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The Joy of Practicing Yoga for Longevity

The Joy of Practicing Yoga for Longevity

With curiosity, I applied a new lens to my yoga practice — is it good for my longevity? It’s a wonderful puzzle to consider the arcs of now, the future and the possibility of an elder future and how every moment I am planting seeds, or making choices, that impact all three of these stages of life.

What does a yoga practice look like that is an offering to all three of these versions of me? Before I share what I’ve found to be true for me, let me share a bit about my existing framework.

First, I believe yoga is one of many means to a healthy and fulfilling life, it is not the end itself. Even for me, someone who has made a career out of yoga, someone who feels called to teach yoga, it is not my only resource nor my only passion. It’s a supplement, or a field of practice, that improves my quality of life. Just like anything else, the most helpful dosage changes over time and sometimes I have to try a different flavor or a different practice altogether to restore balance in my system.

Second, I believe human beings belong to nature and that we are cyclical. There is the BIG maha cycle of life and infinite smaller cycles. Interestingly, a healthy cycle, no matter how small or large, follows a pattern:

Birth — Growth — Peak — Decline — Death — Rebirth


Generation — Maturity — Fruit —Seed — Rest — Regeneration


Birth — Life — Death — Rebirth

And here’s where it gets exciting, because there are so many aspects of being human, life is so rich, we may be in decline in one area of our life while regenerating in another. 

So, knowing that yoga is just one tool kit among many and that we are cyclical beings, what kind of yoga practice promotes longevity? Here are the important characteristics of a yoga practice for longevity.

Yoga for longevity is accessible, adaptable, balanced, compassionate and diversified.

Accessible— a practice that is accessible during all or most stages of life. Regardless of your mobility, flexibility, coordination or strength. This means that “peak” poses and alignment are out and props and mindfulness are in.

Peak poses, as the name suggests, are only suitable for one stage of your natural cycles. Either that, or a radical shift in perspective about what a “peak” is… What if the “peaks” of your Yoga practice are the moments you feel at home inside of yourself?

Alignment and technique you often use to “improve” a posture but in some stages of life, like declines and rest periods, aiming for improvement is not realistic or supportive. In a longevity practice, alignment and technique are of little importance and only serve to prevent injury and provide helpful instruction.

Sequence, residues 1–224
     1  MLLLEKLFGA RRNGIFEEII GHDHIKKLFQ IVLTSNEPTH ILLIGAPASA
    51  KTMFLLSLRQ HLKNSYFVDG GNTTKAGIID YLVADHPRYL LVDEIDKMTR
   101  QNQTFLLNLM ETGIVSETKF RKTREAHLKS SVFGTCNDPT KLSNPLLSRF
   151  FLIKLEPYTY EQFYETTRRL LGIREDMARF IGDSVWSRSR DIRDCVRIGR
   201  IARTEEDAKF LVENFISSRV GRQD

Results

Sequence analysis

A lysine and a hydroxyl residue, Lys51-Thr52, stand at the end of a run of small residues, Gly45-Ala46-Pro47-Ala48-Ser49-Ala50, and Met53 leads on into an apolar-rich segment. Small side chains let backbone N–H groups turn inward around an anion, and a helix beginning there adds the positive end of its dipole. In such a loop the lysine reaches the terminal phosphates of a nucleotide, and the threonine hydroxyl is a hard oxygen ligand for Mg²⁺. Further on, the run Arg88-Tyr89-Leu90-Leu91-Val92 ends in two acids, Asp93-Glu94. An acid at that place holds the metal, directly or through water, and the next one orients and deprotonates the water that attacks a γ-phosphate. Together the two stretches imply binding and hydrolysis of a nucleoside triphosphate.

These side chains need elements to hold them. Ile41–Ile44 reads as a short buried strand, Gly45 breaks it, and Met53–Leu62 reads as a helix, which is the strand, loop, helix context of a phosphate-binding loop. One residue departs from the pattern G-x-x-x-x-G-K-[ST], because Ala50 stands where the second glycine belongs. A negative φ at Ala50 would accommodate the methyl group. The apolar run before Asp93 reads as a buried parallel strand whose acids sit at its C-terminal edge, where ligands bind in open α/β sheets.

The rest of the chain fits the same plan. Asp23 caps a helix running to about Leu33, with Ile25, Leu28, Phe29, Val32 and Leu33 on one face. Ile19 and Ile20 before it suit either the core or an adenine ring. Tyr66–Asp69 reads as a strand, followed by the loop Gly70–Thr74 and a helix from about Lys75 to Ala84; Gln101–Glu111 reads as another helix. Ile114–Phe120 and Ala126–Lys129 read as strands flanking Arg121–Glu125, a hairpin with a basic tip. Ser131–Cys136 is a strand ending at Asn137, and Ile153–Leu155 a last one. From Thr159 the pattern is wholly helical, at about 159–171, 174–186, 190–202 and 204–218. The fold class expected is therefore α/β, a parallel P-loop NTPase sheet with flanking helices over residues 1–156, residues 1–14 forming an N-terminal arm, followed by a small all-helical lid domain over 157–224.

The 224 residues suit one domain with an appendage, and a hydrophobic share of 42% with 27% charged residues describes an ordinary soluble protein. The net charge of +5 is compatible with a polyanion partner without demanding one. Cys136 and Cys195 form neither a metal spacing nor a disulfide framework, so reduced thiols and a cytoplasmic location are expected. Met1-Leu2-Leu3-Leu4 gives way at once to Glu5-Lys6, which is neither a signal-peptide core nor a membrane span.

Props and creativity can make a lot of yoga poses accessible and beneficial. Using props illuminates the poses in a different way and you can use them in any Yoga practice, but especially longevity practice.

My teacher Sarah Powers once said that mind states, or the ability to move energy with the attention of the mind, is where your human potential lies. Framing mindfulness in this way is a huge moment of reckoning and empowerment. There may be times in this life that you cannot move your body, what will you do then to create inner circulation? Amazingly, this frontier of your human potential is also highly accessible. Thus, significant components to accessible yoga are mindfulness and meditation practices. 

Adaptable — adaptability goes hand in hand with accessibility. Adaptability is one of the most defining characteristics of the human species. It goes well beyond your body’s capacity to adapt (but that’s also quite extraordinary) and deep into your problem solving and creative capacities.

For the instructor, this means offering a lot of variations and encouraging the practitioner to find their own expression. 

For the practitioner, this means exploring and being curious. Can you adapt the practice to where you are at today? If you get sick, have an injury, feel heavy, feel light, feel rigid, feel soft, can you adapt the practice to be supportive? 

Balanced — there are two pieces to this. 

First, given everything else you do or don’t do in your life, how can a yoga practice provide balance? Your life will move in cycles and what you need to move towards balance will change. Moving towards balance begins with self-awareness and becomes an art as you become more adept at knowing yourself.